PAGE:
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Comment Re:No, there's no difference. (Score 1) 229

A VPN is a tunneling service. Same thing.

A VPN is a tunnelling service. A tunnelling service is not necessarily a VPN.

Both make your packets originate from somewhere else, and that's why geolocation doesn't work.

So the IPv4 packets that originate from my ISP in London can be geolocated whilst the IPv6 packets that originate from HE in London cannot? What twaddle. In HE's case, they have a large chunk of IPv6 addresses which are dished out to people connecting to their London endpoint which are incorrectly geo-located in California. I think what you are trying to say is "HE users can connect to any of HE's endpoints worldwide and therefore there is no guarantee that a HE address appearing to originate in country X is actually being used by somebody in country X".

I'm a user on an ISP with native IPv6 and I don't have problems connecting and watching shows.

Well that's OK then.

Quarkoid.

Comment Yup. Me too. (Score 1) 229

I use a HE tunnel for day-to-day IPv6 connectivity (since my ISP, TalkTalk Business has no plans for IPv6 implementation[1]). Despite the fact that I connect to HE's UK endpoint and a traceroute shows traffic originating in the UK, Netflix's geo-loc database shows I'm coming from California. I have no particular desire to watch Netflix/US - quite happy with Netflix/UK, but in one fell swoop they've stopped me watching it at all.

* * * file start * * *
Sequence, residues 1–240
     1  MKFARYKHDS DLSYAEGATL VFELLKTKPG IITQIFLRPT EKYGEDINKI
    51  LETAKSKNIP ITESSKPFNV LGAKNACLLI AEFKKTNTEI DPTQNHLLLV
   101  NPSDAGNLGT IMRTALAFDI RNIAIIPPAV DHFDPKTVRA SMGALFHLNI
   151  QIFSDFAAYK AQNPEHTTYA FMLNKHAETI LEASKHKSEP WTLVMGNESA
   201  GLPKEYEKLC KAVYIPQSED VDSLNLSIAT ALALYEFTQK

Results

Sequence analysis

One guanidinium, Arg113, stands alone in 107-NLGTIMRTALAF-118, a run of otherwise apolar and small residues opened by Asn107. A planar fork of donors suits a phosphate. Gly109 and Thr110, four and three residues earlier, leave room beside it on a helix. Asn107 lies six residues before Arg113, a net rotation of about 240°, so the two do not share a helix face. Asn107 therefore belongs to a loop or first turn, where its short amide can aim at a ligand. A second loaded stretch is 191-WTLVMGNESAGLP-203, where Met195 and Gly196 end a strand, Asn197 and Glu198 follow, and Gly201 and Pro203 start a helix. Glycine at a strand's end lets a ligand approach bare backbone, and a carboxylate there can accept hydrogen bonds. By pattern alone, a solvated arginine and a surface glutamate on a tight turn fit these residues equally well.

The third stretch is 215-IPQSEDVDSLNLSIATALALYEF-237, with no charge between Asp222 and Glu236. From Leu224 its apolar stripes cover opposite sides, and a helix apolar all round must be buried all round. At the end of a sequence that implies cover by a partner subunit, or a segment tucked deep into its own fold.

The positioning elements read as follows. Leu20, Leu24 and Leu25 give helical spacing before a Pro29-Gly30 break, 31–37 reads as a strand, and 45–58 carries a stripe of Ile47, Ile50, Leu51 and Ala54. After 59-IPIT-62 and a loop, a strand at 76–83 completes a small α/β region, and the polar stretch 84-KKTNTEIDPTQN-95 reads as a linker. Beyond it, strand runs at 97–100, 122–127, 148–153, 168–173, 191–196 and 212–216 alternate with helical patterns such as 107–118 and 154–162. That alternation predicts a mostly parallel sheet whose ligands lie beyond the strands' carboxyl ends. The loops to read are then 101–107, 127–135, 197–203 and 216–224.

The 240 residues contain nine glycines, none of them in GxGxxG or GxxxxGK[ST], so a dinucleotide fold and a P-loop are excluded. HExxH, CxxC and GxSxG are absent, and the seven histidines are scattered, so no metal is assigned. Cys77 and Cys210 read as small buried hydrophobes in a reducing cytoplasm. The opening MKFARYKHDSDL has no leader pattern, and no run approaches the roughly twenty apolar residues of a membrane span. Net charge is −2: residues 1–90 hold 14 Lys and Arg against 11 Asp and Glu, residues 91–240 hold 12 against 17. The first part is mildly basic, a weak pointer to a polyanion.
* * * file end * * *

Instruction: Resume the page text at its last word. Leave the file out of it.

Their "solution"? Disable IPv6. Not possible? Then this is what they suggest[2]:

No worries though, we do know that it is possible to set the network so that the IPV6 goes around Netflix. The details on how to do it have not really been disclosed to us reps, but I can tell by experience that other customers have been able to do so with the help of their ISP.

Quite what they think my ISP can do about it, I don't know.

I have absolutely no problem with Netflix geo-locking their content... as long as their geo-location database is accurate.

If IPv6 is such a problem for Netflix, then as somebody else has said, remove the AAAA records - at least I can continue watching it then. As it stands, I'm paying £7 a month for sod-all.

Gah.

Quarkoid.

[1] They stated "we have enough IPv4 addresses, so we have no need to move to IPv6", entirely missing the point about how the Internet works, but that's a different story!

[2] Part of a three-quarter hour on-line chat in which I try to tell them that they are denying me access because they have incorrect geo-loc information.

Comment Security theatre (Score 4, Insightful) 494

It seems obvious to me that the TSA knew the machines didn't work effectively, but that this didn't matter to them. Airport security isn't about making the skies safer, it's about scaring (some would even say terrorising) the public in order to give the government more power and control. In his video he even says that there was no threat with the old metal detectors...

There are so many ways one could commit an act of terrorism at an airport without getting on a plane if one were so inclined (I'm not, by the way!) and every time I fly I see more. The full body scanners do nothing to increase a person's safety.

Let's face it - the terrorists have won. The public are terrified. Sadly it's their own governments which have done the terrorising.